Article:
With nearly two million people out of work in a crushing economic crisis and more turning to the land to grow food as prices have remained high, the head of the Church of Greece, Archbishop Ieronymos, has offered land to prospective farmers to cultivate.
In his Christmas message, Ieronymos did not say if the Church would charge a fee for the use of the land. “Whoever wants to work on Greek land, contributing to the country’s food security and the development of modern, exportable agricultural and livestock products, should know that what little land the Church has left is available to them,” he said. A scheme providing subsidized public farmland already exists.
He made the offer as part of a broader message urging Greeks, even in difficult conditions, to keep the spirit of Christianity alight. “Everyone who wants to work on the Greek land, contributing to the food sufficiency of Greece and the development of the new export agricultural products will have at his disposal the Church’s land,” Archbishop Ieronimos noted.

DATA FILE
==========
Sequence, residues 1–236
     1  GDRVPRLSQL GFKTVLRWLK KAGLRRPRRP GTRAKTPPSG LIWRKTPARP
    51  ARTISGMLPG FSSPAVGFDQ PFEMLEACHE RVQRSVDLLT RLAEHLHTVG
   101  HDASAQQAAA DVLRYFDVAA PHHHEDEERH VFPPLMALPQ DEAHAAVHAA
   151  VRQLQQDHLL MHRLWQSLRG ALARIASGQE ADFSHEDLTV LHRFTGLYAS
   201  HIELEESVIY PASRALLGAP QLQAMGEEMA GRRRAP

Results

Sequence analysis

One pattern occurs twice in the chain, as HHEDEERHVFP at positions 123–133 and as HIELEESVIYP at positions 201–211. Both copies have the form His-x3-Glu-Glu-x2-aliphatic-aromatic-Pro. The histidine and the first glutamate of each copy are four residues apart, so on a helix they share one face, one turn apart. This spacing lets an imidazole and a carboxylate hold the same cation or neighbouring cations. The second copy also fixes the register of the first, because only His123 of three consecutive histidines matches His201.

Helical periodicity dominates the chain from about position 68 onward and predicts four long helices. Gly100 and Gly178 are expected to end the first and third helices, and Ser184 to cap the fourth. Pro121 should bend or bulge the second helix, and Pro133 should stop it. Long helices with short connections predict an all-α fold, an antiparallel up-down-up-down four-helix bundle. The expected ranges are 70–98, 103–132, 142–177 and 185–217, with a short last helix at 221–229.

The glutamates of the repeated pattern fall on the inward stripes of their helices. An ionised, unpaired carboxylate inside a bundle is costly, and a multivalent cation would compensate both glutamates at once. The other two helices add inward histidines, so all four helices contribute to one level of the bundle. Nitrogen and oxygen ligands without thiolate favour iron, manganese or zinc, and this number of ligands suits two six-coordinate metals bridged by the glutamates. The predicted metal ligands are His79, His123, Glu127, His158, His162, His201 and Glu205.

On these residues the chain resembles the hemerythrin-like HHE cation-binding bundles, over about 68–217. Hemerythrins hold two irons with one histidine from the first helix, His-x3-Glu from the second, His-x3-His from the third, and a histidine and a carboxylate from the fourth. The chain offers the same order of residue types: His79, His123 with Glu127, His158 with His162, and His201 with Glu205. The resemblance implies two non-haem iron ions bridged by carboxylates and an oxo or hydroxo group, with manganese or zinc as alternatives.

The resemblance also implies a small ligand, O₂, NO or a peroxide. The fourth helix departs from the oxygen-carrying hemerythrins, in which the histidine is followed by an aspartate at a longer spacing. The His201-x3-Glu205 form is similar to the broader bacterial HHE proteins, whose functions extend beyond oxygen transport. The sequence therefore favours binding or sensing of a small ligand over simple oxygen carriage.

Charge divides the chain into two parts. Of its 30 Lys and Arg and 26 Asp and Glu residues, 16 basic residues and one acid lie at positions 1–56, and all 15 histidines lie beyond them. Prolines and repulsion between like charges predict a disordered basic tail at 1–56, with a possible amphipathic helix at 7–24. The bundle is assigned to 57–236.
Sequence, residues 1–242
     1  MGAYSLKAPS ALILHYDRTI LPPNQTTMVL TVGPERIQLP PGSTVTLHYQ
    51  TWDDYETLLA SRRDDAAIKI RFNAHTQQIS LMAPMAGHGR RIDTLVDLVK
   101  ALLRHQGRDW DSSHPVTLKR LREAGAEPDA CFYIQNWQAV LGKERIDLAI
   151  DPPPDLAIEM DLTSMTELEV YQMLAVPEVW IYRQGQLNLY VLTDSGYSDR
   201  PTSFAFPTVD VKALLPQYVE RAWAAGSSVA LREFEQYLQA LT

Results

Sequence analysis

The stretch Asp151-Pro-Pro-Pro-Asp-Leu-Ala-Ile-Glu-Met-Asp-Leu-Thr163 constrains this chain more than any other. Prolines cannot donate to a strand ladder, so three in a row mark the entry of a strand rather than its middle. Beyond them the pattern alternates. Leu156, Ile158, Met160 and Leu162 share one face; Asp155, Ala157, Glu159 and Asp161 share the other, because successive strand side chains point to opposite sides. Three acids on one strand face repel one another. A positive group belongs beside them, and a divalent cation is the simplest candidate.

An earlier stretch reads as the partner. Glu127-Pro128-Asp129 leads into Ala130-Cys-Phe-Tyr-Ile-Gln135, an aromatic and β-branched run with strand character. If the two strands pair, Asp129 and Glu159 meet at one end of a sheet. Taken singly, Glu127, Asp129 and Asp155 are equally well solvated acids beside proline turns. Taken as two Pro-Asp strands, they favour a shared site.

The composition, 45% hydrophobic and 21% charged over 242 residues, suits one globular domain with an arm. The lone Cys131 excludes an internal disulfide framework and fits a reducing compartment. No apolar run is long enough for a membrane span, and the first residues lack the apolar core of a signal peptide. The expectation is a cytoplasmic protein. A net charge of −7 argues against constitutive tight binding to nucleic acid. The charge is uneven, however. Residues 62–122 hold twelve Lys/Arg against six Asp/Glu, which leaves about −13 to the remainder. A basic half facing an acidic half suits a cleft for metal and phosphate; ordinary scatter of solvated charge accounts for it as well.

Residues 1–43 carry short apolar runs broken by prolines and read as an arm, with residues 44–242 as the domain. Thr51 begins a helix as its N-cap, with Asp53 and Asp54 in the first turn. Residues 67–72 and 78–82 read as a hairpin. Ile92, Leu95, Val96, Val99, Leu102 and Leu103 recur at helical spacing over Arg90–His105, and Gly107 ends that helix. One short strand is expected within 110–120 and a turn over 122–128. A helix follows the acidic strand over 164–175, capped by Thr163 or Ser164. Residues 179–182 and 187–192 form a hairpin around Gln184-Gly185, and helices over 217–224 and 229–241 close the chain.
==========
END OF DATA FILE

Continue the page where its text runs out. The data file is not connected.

“Our homeland is facing crucial moments of agony and insecurity for the future. This is a hardship on our Christianity values and emotions, as well as, our lives until now.” He added that the Greek Church will continue to do what it can to help those affected by the crisis, such as the soup kitchens and free food it offers in the absence of government charity programs.